Mary hit the enter key and sighed. Finally done! She glanced at the bouquet of roses on her desk, inhaled their sweet scent, and smiled. Just half an hour—twenty-five minutes if she hurried—and she'd be sitting with Tom at Le Cordon Bleu, watching his knee bounce and sweat bead on his forehead as he tried to conceal the velvet box in his pocket. Good thing she'd worn her best dress today. Thanks for the heads-up, Tina. She slipped her feet back into her red heels, reached for her matching Gucci clutch and stood. Her stomach fluttered with a thousand bees and she reigned in the squeal forming behind her grin. A rap sounded at the door, then Mr. Jenkins strode in with a pile of envelopes. Her smile fled. Crud.
"Mary, I need you to drop these off in the mailroom on your way out." He plopped them on the desk. Just great.
"Sure thing!" She forced a fake smile as she snatched up the stack.
She could do this in less than a minute—if she didn't get sucked into a conversation with Larry the mail guy. Her heels clacked down the hall as she power-walked to the elevators. After this, she better not run into any more delays between her and her car. Or her car and the restaurant. If she hit every red light on Buckner drive today she was going to have some serious words with the Man Upstairs.
You'll notice there were few physiological responses here (tip #3), because the emotions aren't as raw. But we are much deeper in her POV than in the first example and you can better imagine what it's like to be Mary, anxiously trying to get to the restaurant where you expect a marriage proposal.
I used tips #1 and #2 .
In the example passage, I showed Mary's eagerness (tip #1) with the line: Just half an hour—twenty-five minutes if she hurried—...
I showed her expectation by picturing Tom bouncing his knee, hiding the ring, etc. and hinted that someone had spilled the beans to her. (tip #1) All of this instead of "she was sure tonight was the night." I answered the question WHY is she sure, and WHAT does "the night" look like? How does this make her feel?
I demonstrated her hope that nothing else would slow her down by using realistic internal dialogue (tip #2) about Larry the mail guy, the red lights, and Who she'd blame (playfully) for them. So I accomplished tip #1 by employing tip #2, which is not uncommon.
I only added one quick physiological detail (tip #3) by describing the excitement like bees buzzing inside.
Q: If a writer must choose between deep POV and using a passive verb, which is better?
Ex: A knock sounded at the door, She heard a knock on the door, or There was a knock on the door.
A: The short answer is "it depends". I am not one to slash every passive verb. Not at all. Writing tips are only useful to the extent that they make the experience smooth and engaging to the reader. The moment a rule-following phrase becomes so odd that it causes the reader to stumble, that rule should be ignored.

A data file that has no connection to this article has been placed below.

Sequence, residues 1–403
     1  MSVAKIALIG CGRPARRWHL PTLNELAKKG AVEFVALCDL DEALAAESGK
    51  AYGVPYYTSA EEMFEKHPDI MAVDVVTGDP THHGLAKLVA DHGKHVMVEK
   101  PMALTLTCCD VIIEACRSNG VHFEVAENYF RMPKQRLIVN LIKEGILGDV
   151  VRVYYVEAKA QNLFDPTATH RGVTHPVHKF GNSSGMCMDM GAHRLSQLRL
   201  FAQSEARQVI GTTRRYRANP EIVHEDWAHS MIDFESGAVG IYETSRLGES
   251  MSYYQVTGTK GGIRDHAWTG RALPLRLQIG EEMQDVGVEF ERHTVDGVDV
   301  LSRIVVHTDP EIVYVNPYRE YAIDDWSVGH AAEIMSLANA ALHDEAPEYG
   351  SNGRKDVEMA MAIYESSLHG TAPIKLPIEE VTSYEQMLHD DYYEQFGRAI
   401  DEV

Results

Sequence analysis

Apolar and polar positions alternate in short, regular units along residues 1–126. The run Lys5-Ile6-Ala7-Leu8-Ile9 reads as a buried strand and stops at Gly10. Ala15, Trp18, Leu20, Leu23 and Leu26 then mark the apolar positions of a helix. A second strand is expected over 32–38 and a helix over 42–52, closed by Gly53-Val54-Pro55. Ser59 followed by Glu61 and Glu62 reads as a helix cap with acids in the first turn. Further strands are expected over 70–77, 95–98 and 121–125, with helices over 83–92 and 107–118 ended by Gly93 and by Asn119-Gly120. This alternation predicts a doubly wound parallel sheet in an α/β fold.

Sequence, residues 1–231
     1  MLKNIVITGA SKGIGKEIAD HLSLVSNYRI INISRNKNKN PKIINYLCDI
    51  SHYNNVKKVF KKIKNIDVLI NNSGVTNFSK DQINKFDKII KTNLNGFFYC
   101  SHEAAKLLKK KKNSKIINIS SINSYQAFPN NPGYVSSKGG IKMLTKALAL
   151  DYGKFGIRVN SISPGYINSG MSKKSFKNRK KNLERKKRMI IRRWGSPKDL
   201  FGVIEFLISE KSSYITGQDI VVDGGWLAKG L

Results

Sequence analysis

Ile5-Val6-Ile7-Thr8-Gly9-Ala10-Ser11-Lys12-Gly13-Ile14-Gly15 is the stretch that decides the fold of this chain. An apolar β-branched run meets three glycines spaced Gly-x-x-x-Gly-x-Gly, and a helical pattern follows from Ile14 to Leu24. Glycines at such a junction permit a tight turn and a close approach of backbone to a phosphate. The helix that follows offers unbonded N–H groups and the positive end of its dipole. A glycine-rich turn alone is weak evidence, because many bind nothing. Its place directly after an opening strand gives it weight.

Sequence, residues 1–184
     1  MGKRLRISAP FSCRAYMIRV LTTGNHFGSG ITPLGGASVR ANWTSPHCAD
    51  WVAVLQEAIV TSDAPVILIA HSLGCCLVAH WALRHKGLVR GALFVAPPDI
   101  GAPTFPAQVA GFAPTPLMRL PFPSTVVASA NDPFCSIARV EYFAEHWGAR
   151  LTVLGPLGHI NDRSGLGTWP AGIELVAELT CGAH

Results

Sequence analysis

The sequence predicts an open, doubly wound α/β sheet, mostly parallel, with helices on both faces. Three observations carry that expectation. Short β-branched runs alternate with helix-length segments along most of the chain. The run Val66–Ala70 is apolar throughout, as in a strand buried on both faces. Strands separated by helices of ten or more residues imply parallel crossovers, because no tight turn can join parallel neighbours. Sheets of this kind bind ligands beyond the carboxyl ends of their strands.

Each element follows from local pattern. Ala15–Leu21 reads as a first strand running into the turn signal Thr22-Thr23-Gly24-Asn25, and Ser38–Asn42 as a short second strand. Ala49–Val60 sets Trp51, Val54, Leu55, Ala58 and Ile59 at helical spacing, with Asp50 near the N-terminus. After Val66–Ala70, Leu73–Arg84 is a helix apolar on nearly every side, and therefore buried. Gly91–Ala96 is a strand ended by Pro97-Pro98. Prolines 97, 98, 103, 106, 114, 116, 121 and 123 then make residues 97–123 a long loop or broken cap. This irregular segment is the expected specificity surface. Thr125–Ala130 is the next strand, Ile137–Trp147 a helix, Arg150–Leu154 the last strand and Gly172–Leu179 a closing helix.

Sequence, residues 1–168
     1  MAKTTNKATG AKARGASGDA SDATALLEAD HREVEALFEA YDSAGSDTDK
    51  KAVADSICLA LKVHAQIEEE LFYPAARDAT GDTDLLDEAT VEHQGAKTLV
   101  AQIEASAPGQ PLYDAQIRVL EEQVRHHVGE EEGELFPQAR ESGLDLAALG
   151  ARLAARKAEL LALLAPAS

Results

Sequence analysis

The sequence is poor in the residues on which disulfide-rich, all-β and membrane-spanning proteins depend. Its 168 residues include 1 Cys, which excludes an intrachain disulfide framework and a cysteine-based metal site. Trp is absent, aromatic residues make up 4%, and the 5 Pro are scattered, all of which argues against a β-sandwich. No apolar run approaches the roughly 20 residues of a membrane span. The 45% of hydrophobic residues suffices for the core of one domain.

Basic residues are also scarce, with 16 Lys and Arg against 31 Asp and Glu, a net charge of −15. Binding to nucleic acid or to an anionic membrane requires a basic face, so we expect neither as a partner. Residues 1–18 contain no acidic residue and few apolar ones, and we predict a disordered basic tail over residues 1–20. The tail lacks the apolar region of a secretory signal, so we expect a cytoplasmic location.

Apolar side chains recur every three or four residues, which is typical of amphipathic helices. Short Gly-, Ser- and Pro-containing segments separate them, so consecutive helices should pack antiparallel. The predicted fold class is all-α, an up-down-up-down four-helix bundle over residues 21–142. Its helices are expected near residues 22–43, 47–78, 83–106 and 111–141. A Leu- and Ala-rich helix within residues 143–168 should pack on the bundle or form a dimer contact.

Same thing applies with Deep POV. Depth can vary as needed. Think of it like a camera lens with a zoom function. We don't need to be zoomed all the way in for every paragraph of your novel. But don't pan out too far or you'll lose that Deep POV feel. Stay in your character's head, but the reader doesn't always need to read about every synapse that fires. Reserve those meticulous details for the tenser moments.
So if you are zoomed way in on a character during an intense moment, the first choice (A knock sounded at the door) is probably better. But if the moment isn't quite so personal, the third choice (there was a knock on the door) might work just fine. Or you might choose an in-between feel (She heard a knock at the door). Once you've assessed the depth needed for the scene, it's your call. As long as you understand the techniques you are using and why.
Deep POV is only one tool in a writer's box. It's not a strict rule like punctuation. As the author, you choose when and how often to embrace this style. But you must understand the techniques you are using and why. I hope these tips help you the way they've helped me. If you have a question, feel free to comment or send me an email. I'd love to hear from you!
Monday, May 16, 2011
Thanks to Michelle Massaro for her tips on Deep POV! Be sure to join us Friday when we'll post some examples that need work and let you fix them! Have suggestions? Be sure to send them to us at firstname.lastname@example.org.
That's Deep, Man--3 Tips on Deep POV
by Michelle Massaro, COTT Assistant Editor
A lot of people are talking about Deep Point Of View these days. Seems every writer wants to "go deeper", but many aren't clear on what that means or how to do it. Where did this trend come from? Think about it. Our culture is immersed in experiential pastimes. We can fly to exotic locations within hours. Surround-sound, HD, and Digital 3D bring everything to life. The Wii lets us "experience" playing sports. With increased sensory-engaging technology, it takes more to help us escape than it did in generations past. In fiction this translates to Deep POV.
The reader wants to climb into a character's skin—tasting, feeling, hearing, smelling what they do. A great metaphor or simile won’t suffice. Deep POV isn't active voice or showing rather than telling.